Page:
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History of Japan (The II World War and Postwar Period) - Essay Example

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History of Japan
This essay touches the period of the II world war and postwar period in the history of Japan. It describes the main events during that period.
The World War II had been initiated for the Americans on December 7, 1941. However, the world war had been going on for many years in others parts of the world. …
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History of Japan (The II World War and Postwar Period)
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Download file to see previous pages The World War II ended in May 1945 in the European land and August 1945 in the Pacific. The war between the United States and Japan was an outcome of several years of Cold War due to the strong economic, political and cultural differences. The War erupted in December only when the Japanese military leaders and the civilian supporters decided to put an end to the Cold Wa. One of the main reasons for the Japanese outburst was their motivation to achieve their goals for autonomy and hence accomplish industrial, economic and political success as a nation and country. The clash between the United States and Japanese governments was driven by strong confrontations of racial and political dissimilarities which led to severe manifestations and penalties.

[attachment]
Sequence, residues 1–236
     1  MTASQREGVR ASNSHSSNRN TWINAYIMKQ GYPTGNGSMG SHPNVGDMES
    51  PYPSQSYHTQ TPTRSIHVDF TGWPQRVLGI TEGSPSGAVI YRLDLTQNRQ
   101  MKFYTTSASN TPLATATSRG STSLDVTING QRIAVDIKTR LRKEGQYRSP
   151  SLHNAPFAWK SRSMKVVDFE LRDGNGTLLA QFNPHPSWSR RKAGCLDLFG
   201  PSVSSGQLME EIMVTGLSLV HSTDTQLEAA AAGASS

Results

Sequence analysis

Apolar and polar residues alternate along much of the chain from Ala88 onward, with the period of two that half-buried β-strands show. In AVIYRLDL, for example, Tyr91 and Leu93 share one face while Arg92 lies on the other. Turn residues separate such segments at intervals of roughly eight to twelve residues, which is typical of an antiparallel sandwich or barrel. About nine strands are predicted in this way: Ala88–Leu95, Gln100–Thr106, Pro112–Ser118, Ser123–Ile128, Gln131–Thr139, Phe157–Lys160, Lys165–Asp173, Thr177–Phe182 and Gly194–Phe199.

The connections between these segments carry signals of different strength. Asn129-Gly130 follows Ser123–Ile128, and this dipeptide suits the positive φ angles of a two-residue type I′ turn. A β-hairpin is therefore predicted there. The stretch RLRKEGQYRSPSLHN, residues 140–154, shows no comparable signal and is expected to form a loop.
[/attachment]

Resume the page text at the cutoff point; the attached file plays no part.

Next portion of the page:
The Americans forced Japan to adopt a racial and ethnic identity which they never wanted. Americans wanted to develop Japan commercially in the nineteenth century with a racial dominance of “whiteness”. The Japanese were convinced that the West’s military and technologies wanted the feudal nation of Japan to become entirely westernized. On the other hand, the influx of the Japanese immigrants to the West was a source of fear for the Americans that this was a slow and gradual invasion of the Asians into the American land. One of the important factors which led to the Japanese attack of the Pearl Harbor was the dysfunctional democratization in Japan that was going on for several years. The civilian leaders supported the Western-style democratic institutions which diminished the roles of the military and emperors. Bureaucratic politics and status discrepancies among the country also led to the Japanese outburst. Japanese invasions into China and Russia increased Japan’s strength and the victories brought Japan forward as a strong opponent against the United States (Cashman & Robinson 2007). Japan’s mainland in Asia was increasing and the United States and Japanese elited started seeing each other as stong military and economic rivals. The Japanese troops started occupying the French clony in Indochina and as a response the United States cut off the oil export to Japan in 1940. Japan attack the Pearl Harbor in December 1941 along with two other islands Wake and Guam. In April 1941, US bombers started a bombing raid against Japan starting in Tokoyo. The United States also forced the Japanese-Americans to relocate in various isolated areas. This was followed by different attempts of invasions and fight made by both sides, some successful and other interepted. It was in August 1945 that the first atomic bomb was prepared and dropped in Hiroshima and Nagasaki. This was the final straw causing the death of 100,000 people and followed by the surrender of the Japanese government. Japan signed a surrender document on Spetember 2nd 1945 (National Geographic, 2001). The atomic bombing of Hiroshima and Nagasaki was not just an end to the Pacific war but also ended the Tokyo’s dreams of racial reversal (Horne, 2004). Japan has a strong national identity as the first and historically only country which had been a victim of atomic bombing and its dreadful consequences. Japanese had a strong emotionalism which is associated to the atomic bombing victimization and the historic racial prejudice by the Americans. In the early post-war years, the Japanese, although harbouring strong hostility towards the Americans, were not able to bring their voices in front of the world because of many reasons. They were faced with circumstances of unemployment, hunger and no homes, and expressing hostility was the least thing on their mind. There was a sense of fear and many refrained from expressing any views against the ...Download file to see next pagesRead More
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